Of Secrets and Stringencies

Day 21 – Berachos 22

מַעֲשֶׂה בְּרַבִּי יְהוּדָה שֶׁרָאָה קֶרִי, וְהָיָה מְהַלֵּךְ עַל גַּב הַנָּהָר. אָמְרוּ לוֹ תַּלְמִידָיו: רַבֵּינוּ, שְׁנֵה לָנוּ פֶּרֶק אֶחָד בְּהִלְכוֹת דֶּרֶךְ אֶרֶץ. יָרַד וְטָבַל וְשָׁנָה לָהֶם. אָמְרוּ לוֹ: לֹא כָּךְ לִמַּדְתָּנוּ רַבֵּינוּ, שׁוֹנֶה הוּא בְּהִלְכוֹת דֶּרֶךְ אֶרֶץ?! אָמַר לָהֶם: אַף עַל פִּי שֶׁמֵּיקֵל אֲנִי עַל אֲחֵרִים, מַחְמִיר אֲנִי עַל עַצְמִי.

תָּנוּ רַבָּנַן: בַּעַל קֶרִי שֶׁנָּתְנוּ עָלָיו תִּשְׁעָה קַבִּין מַיִם — טָהוֹר. נַחוּם אִישׁ גַּם זוֹ לְחָשָׁהּ לְרַבִּי עֲקִיבָא, וְרַבִּי עֲקִיבָא לְחָשָׁהּ לְבֶן עַזַּאי, וּבֶן עַזַּאי יָצָא וּשְׁנָאָהּ לְתַלְמִידָיו בְּשׁוּק. פְּלִיגִי בַּהּ תְּרֵי אָמוֹרָאֵי בְּמַעְרְבָא, רַבִּי יוֹסֵי בַּר אָבִין וְרַבִּי יוֹסֵי בַּר זְבִידָא. חַד תָּנֵי: שְׁנָאָהּ, וְחַד תָּנֵי: לְחָשָׁהּ.

מַאן דְּתָנֵי שְׁנָאָהּ, מִשּׁוּם בִּטּוּל תּוֹרָה וּמִשּׁוּם בִּטּוּל פְּרִיָּה וּרְבִיָּה. וּמַאן דְּתָנֵי לְחָשָׁהּ — שֶׁלֹּא יְהוּ תַּלְמִידֵי חֲכָמִים מְצוּיִים אֵצֶל נְשׁוֹתֵיהֶם כְּתַרְנְגוֹלִים.

The Gemara is discussing the laws of when a Baal Keri, one who had a seminal emission, can learn Torah or daven. In the midst of this discussion the Gemara relates numerous incidents to prove different points.

I have quoted above two of these incidents. In the first, Rebbi Yehuda had taught that a Baal Keri can learn or teach only the laws of Derech Eretz. However, when he himself was a Baal Keri, he immersed himself for purification before teaching the Halacha. When confronted over the self contradiction, he said he is being stringent on himself. 

In the second incident we find a tradition passed down secretly that one who is a Baal Keri, need not immerse himself but can have a measurement of nine Kavin of water thrown over him and then he can learn Torah. This seems to be about 2.9 gallons of water, or about a 90 second shower. This tradition was passed secretly from Nachum Ish Gamzu to Rebbi Akiva to Ben Azzai, who went ahead and said it in public.

There are different traditions as to what actually happened: There are those that say that he publicized this in order to increase intimate relations and procreation. As he himself was a bachelor, this was something that was important to him. There are others that say that he indeed passed it over to his students in a secret, in order that they do not get too intimate with their wives and thereby distracted from their Torah studies.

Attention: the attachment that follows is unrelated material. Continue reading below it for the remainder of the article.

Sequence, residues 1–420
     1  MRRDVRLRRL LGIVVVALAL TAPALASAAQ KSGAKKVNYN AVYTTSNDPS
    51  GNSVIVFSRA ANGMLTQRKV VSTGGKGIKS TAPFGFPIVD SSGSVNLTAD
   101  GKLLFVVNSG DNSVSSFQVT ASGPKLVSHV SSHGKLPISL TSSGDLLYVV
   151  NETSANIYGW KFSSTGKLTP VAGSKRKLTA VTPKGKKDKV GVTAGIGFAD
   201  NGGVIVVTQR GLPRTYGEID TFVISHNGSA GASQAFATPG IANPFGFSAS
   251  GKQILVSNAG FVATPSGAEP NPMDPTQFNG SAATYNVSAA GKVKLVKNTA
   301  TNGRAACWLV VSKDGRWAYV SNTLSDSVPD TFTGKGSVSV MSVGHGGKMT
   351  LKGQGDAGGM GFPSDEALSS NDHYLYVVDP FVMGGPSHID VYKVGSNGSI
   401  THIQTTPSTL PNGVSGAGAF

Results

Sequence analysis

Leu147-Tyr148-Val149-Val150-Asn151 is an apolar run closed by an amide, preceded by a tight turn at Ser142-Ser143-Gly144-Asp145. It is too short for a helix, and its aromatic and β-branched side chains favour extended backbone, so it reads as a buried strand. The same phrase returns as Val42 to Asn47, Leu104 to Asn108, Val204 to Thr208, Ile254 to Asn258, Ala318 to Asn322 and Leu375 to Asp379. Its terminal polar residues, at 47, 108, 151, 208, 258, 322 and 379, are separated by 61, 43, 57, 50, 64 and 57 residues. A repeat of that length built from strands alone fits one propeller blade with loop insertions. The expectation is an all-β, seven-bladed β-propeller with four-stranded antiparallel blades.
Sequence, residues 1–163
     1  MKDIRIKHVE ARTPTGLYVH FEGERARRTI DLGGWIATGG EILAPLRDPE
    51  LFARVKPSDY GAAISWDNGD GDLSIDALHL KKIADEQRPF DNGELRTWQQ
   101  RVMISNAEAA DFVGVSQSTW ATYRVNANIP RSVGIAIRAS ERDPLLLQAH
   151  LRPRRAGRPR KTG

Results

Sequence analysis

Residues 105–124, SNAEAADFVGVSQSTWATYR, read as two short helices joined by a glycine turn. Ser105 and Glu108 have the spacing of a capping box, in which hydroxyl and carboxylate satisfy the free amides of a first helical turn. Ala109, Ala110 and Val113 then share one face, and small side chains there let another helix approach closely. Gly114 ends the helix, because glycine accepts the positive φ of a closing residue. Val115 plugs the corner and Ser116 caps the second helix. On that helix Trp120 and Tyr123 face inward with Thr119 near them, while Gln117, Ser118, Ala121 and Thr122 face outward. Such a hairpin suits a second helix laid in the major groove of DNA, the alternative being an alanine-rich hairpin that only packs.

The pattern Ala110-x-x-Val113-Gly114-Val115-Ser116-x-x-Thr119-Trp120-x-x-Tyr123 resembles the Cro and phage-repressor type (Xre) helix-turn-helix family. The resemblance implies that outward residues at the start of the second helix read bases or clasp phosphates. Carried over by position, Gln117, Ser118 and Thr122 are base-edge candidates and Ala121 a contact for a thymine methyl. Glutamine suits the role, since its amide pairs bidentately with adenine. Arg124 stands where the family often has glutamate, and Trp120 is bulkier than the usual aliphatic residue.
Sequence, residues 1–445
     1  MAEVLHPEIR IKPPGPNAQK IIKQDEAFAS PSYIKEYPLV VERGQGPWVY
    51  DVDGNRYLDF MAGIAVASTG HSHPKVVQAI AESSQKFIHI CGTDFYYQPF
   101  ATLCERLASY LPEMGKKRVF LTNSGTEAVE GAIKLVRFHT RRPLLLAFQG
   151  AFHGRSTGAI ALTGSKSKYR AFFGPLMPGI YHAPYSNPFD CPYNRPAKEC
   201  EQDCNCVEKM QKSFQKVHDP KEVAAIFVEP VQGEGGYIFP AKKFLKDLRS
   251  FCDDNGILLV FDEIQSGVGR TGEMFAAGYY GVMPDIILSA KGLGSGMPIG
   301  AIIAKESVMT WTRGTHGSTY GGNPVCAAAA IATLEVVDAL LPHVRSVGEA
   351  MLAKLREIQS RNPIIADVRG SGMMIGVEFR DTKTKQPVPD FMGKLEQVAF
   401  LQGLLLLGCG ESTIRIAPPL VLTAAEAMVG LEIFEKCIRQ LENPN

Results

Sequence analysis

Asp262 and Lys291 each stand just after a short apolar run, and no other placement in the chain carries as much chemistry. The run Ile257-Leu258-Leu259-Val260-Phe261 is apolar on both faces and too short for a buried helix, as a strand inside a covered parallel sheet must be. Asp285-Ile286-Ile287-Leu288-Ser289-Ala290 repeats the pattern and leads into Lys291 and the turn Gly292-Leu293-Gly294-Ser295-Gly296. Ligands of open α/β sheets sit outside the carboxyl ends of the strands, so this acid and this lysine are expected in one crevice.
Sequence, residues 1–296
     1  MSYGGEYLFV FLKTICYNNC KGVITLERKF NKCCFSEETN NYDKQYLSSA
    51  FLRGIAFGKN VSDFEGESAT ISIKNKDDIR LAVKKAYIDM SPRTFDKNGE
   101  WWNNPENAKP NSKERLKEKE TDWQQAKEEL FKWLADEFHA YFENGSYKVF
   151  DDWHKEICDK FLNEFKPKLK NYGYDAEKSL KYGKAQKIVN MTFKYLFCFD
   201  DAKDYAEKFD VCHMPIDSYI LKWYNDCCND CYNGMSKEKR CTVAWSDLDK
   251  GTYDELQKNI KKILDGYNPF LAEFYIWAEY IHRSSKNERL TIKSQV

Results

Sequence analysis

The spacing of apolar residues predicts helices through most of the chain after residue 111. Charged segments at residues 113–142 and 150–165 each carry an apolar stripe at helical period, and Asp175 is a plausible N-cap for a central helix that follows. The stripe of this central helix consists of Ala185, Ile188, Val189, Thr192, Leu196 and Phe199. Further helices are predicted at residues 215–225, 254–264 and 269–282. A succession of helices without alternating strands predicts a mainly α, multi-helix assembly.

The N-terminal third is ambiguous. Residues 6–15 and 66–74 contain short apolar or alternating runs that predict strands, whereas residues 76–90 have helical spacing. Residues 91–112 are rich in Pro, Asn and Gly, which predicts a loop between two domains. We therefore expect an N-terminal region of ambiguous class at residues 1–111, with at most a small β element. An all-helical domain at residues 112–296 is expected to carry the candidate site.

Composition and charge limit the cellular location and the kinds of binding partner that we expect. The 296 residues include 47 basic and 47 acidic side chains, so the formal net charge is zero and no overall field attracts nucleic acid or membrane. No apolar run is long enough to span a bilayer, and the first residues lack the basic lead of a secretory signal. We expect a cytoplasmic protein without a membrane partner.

From these two incidents, it is apparent that there are two or more levels of Torah. There is the level of the general populace, that which may be more lenient at times, but we see Rebbi Yehuda was stringent on himself. Conversely, we see that there was a level for the general populace to be more stringent and only those in on the secret knew about the lenient ruling. 

Why is this? If we have a lenient ruling, why is that only kept as a secret tradition amongst the Tannaim? Additionally, if Rebbi Yehuda ruled leniently for everyone why is that leniency not good enough for himself, and if it was not good enough for himself, why is he letting others be lenient?

It seems that there are two tracks here, one for those in the know and one for the general population. I am curious where this idea comes from and why this is so. 

I would love to hear your thoughts on this.

The Novelty of Birchas HaTorah

Day 20 – Berachos 21

מִנַּיִן לְבִרְכַּת הַתּוֹרָה לְפָנֶיהָ מִן הַתּוֹרָה — שֶׁנֶּאֱמַר: ״כִּי שֵׁם ה׳ אֶקְרָא הָבוּ גֹדֶל לֵאלֹהֵינוּ״.

And from where is the mitzva by Torah law to recite the blessing over the Torah before it is read, derived? As it is stated: “When I proclaim the Lord’s name, give glory to our God” (Deuteronomy 32:3), meaning that before one proclaims the Lord’s name by reading the Torah, he must give glory to God.

The Shulchan Aruch (OC 47) teaches us that the obligation to recite Birchas HaTorah is incumbent upon women as well as men. The Beis Yosef explains that women need to learn the laws pertinent to them.